HHS Issues New Rules to Unclog Medicare Appeals Pipeline

After a damning report from the U.S. Government Accountability Office (GAO) on the rising number of Medicare claims appeals and the resulting dramatic backlog of unresolved cases, the latest proposed changes to clear out the backlog have appeared.

Medicare Administrative Contractors (MACs) process an estimated 1.2 billion fee-for-service claims on behalf of the Centers for Medicare & Medicaid Services (CMS) for more than 33.9 million Medicare beneficiaries annually. When Medicare beneficiaries or providers disagree with a payment or coverage decision—if a claim was denied, for example—they may appeal these decisions through the Medicare FFS appeals process. Earlier this year, the GAO found that appeals rates had gone through the roof across all provider levels, including home health.

In 2015, 123 million Medicare fee-for-service claims were denied, or roughly 10% of the more than 1.2 billion claims processed during the year. Of these denied claims, 3.7 million, or 3%, were appealed.

“Several factors, including the growth in Medicare claims—partially driven by the aging population—and HHS’ continued investment and focus on ensuring the program integrity have led to more appeals than Office of Medicare Hearings and Appeals (OMHA) and the [Medicare Appeals] Council can process within the contemplated time frames,” HHS’ primer on its proposed appeal process changes reads.

There are five levels in the appeals process for Medicare Part A and Part B claims, with the first level involving redetermination by a MAC or similar party, and level five involving judicial review in a Federal District Court. For home health and other provider types, appeals at the third level and higher have become especially problematic, due to a shortage in the number of administrative law judges needed to handle ballooning appeals.

For home health and hospice, the number of appeals filed at Level 3 increased from 7,013 in 2010 to 33,816 in 2014, according to the GAO report. For Medicare Part A overall, the number of appeals at this level jumped from 12,938 to 275,791 during that time period.

To mitigate the gloomy appeals process findings, the Department of Health and Human Services (HHS) issued a proposal for new rules in order to address the “unprecedented and sustained increase in the number of appeals.”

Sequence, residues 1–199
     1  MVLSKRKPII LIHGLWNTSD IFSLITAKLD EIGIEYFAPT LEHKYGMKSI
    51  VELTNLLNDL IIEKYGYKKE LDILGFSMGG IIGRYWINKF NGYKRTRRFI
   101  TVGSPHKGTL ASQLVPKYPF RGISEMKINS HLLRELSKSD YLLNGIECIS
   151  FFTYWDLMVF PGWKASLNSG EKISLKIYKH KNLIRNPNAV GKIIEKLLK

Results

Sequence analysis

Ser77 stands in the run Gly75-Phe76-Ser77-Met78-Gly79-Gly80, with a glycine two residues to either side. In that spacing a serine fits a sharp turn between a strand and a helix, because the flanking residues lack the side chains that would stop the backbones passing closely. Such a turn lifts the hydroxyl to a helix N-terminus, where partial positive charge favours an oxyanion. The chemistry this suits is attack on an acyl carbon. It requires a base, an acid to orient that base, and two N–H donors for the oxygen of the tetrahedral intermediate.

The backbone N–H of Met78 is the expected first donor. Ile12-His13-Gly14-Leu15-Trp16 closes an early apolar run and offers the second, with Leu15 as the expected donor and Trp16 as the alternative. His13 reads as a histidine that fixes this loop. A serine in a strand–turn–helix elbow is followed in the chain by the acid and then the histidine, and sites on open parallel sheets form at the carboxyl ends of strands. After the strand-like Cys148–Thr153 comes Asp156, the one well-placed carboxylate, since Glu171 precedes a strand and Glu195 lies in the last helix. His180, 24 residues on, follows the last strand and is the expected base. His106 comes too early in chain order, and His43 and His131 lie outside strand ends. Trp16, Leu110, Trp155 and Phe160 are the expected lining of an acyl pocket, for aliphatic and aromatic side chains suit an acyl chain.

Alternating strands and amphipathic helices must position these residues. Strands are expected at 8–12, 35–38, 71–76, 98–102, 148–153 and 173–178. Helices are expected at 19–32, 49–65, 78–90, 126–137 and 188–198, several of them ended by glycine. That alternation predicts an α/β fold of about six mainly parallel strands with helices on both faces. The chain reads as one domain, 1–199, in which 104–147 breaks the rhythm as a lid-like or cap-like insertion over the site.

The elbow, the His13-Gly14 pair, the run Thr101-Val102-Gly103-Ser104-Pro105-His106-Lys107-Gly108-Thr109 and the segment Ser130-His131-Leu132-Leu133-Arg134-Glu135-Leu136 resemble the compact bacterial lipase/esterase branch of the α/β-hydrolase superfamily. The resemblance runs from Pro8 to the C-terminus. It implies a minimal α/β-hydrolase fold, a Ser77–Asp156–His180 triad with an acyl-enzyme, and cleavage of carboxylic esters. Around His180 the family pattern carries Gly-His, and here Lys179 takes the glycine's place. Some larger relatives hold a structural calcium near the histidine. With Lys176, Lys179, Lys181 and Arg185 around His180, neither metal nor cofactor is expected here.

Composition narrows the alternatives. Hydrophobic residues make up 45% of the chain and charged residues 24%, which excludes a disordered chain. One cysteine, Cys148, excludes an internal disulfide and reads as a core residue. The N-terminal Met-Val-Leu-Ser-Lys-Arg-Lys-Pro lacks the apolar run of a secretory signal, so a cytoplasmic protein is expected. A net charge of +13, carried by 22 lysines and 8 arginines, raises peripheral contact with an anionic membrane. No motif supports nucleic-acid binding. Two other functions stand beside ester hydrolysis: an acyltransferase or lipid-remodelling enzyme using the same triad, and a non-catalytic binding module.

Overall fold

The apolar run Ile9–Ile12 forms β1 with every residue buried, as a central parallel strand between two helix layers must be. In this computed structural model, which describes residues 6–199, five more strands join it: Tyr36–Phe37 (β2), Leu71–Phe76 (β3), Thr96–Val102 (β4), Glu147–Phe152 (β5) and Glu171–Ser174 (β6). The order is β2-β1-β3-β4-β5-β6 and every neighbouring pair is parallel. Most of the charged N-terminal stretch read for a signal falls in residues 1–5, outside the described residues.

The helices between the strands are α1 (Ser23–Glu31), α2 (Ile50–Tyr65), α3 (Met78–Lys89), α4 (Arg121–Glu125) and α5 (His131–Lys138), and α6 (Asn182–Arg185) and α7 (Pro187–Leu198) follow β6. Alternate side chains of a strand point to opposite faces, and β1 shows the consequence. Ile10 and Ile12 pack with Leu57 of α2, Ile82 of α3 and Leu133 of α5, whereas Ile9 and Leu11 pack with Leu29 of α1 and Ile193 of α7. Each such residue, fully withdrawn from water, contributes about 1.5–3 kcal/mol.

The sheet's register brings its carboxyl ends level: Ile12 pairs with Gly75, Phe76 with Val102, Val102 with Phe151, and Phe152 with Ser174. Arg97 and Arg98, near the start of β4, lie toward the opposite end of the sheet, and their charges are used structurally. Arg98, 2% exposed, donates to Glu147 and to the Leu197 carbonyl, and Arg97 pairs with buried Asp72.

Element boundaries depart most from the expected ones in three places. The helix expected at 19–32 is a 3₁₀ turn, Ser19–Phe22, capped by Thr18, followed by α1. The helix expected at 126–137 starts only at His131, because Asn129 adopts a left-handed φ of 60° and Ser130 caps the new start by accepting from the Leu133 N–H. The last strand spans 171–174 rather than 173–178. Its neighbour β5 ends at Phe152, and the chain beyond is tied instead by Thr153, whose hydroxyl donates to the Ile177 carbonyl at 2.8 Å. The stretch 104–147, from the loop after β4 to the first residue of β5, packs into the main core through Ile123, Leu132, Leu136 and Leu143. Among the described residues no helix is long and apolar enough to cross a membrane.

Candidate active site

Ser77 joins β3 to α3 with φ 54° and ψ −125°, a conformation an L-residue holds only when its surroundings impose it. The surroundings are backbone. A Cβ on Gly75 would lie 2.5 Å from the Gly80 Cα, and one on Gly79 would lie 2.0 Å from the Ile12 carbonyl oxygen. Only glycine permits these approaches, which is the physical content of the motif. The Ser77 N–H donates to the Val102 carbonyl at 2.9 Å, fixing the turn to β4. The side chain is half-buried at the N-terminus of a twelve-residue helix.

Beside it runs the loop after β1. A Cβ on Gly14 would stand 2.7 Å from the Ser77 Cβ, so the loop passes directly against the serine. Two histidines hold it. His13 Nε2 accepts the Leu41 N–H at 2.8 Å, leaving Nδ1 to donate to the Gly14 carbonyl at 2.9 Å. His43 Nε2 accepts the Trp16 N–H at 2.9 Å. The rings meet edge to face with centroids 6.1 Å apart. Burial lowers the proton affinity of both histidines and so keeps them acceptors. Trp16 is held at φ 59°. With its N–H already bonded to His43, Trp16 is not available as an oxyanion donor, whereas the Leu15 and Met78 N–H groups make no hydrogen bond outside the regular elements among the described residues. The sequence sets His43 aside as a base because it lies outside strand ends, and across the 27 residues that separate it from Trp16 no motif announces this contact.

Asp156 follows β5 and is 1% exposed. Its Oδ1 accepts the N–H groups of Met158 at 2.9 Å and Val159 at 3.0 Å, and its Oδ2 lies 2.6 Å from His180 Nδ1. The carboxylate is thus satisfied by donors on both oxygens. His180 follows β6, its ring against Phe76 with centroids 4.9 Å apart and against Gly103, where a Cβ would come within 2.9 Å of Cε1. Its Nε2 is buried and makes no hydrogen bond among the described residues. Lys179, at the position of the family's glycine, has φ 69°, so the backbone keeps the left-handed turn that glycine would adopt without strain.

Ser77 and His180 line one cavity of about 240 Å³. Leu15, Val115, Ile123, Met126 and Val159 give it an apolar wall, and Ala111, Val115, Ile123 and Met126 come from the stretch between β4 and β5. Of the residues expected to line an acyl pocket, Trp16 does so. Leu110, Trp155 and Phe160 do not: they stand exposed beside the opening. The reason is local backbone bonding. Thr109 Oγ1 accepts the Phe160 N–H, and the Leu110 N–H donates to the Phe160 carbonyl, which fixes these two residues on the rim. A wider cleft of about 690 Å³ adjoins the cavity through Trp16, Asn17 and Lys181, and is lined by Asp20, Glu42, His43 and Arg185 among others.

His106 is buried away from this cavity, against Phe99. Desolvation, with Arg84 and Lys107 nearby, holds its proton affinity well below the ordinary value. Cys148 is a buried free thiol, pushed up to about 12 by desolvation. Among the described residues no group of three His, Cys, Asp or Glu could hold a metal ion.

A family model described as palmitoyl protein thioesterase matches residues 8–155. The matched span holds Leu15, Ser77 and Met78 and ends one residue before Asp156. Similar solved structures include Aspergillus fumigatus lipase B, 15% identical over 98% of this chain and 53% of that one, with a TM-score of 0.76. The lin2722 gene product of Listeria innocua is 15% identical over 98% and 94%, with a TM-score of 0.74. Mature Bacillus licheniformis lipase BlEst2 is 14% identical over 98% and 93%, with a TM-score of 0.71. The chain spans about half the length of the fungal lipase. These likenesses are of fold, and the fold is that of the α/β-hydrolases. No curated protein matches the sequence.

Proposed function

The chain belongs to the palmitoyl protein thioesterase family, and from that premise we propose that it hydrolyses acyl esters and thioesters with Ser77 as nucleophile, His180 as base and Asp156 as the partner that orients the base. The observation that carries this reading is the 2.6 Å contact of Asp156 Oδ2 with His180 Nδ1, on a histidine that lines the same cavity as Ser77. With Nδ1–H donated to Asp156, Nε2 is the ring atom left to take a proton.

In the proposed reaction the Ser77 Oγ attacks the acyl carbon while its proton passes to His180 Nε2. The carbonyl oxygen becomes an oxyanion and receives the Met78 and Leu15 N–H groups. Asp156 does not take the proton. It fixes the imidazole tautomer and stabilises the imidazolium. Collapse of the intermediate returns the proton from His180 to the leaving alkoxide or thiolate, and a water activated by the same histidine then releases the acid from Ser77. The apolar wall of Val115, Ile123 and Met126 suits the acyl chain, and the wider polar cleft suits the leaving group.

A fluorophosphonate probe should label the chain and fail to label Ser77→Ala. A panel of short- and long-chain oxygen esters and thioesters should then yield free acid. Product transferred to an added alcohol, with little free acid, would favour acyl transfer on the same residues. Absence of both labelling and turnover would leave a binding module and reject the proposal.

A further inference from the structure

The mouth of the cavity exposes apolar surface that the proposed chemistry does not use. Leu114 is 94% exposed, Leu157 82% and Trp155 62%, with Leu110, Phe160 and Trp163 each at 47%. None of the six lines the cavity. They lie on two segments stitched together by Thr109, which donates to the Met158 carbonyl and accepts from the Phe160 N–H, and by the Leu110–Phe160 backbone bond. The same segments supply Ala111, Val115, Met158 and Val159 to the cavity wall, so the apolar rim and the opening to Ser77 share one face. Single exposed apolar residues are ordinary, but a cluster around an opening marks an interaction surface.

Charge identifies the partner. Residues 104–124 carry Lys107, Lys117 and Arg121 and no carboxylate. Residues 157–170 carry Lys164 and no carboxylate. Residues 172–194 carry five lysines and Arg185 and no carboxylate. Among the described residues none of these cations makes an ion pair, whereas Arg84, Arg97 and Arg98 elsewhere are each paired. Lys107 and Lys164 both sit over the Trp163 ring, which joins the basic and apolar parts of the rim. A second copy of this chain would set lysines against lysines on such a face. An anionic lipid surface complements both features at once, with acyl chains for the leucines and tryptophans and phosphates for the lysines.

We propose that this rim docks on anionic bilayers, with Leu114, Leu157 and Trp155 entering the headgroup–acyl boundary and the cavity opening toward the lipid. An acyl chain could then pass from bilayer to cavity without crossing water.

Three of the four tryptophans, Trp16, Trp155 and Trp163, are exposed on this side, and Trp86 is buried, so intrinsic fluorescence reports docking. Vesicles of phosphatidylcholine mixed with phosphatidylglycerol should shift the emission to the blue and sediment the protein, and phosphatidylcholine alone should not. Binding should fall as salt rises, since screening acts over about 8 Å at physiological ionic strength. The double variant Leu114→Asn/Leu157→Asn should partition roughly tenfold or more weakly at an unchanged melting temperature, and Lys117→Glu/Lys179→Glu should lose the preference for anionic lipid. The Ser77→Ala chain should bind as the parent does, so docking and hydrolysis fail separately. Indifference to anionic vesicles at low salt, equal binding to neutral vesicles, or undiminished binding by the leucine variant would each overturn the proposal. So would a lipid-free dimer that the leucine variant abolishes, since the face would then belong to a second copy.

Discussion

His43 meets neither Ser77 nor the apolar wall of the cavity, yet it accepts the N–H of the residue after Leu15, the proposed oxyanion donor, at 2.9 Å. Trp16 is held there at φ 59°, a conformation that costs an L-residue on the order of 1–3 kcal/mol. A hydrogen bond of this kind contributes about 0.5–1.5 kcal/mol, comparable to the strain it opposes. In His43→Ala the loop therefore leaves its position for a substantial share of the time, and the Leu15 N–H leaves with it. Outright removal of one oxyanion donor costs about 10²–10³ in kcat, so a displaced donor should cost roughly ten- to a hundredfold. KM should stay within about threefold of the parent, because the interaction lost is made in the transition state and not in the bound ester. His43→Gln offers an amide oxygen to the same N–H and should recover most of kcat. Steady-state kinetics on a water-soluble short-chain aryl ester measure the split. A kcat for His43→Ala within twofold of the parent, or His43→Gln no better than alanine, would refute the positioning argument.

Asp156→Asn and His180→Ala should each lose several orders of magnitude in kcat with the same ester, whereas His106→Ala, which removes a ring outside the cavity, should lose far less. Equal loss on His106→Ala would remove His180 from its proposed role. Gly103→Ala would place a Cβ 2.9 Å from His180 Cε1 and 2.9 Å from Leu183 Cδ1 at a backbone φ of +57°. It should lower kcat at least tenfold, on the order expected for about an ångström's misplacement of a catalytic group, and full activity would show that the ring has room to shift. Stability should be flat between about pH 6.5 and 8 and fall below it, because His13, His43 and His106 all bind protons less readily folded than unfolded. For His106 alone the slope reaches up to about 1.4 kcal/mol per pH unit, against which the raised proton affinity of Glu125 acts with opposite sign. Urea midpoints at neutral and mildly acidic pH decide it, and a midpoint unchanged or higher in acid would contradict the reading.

The Department is taking a three-pronged approach to tackle the issue, which topped 880,000 cases by the end of fiscal year 2015:

1) Invest in new resources at all levels of appeal to increase adjudication capacity and implement new strategies to alleviate the current backlog

2) Reduce the number of pending appeals and encourage the resolution of cases earlier in the process through new administrative actions

3) Propose legislative reforms that provide additional funding and new authorities to address the appeals volume

HHS is also requesting additional funding for the fiscal year 2017 to increase the agency’s capacity to process and resolve appeals in line with the current volume of cases.

HHS pointed out that “while the volume of appeals has increased dramatically, funding has remained comparatively stagnant,” according to the primer. “Under current resources, it would take 11 years for OMHA and 6 years for the Council to process their respective backlogs.”

However, even with the administrative changes and additional funding, HHS estimated the current backlog of appeals couldn’t be eliminated until 2021.

The proposed changes will be posted to the Federal Register July 5, 2016, and will open for comment until August 29, 2016.

Written by Amy Baxter



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